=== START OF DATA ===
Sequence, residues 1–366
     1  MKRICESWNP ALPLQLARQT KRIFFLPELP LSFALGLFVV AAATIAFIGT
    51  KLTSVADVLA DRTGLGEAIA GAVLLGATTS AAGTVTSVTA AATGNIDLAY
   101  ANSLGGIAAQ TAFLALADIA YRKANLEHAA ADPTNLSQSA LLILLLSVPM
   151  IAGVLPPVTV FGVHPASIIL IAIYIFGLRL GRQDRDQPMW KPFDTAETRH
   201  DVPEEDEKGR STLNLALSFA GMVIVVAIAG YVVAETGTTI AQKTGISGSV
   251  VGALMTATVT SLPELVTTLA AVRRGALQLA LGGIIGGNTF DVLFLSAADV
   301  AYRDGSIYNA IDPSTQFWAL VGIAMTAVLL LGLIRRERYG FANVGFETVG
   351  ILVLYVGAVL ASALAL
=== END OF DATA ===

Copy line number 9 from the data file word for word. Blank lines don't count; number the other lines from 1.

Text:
   351  ILVLYVGAVL ASALAL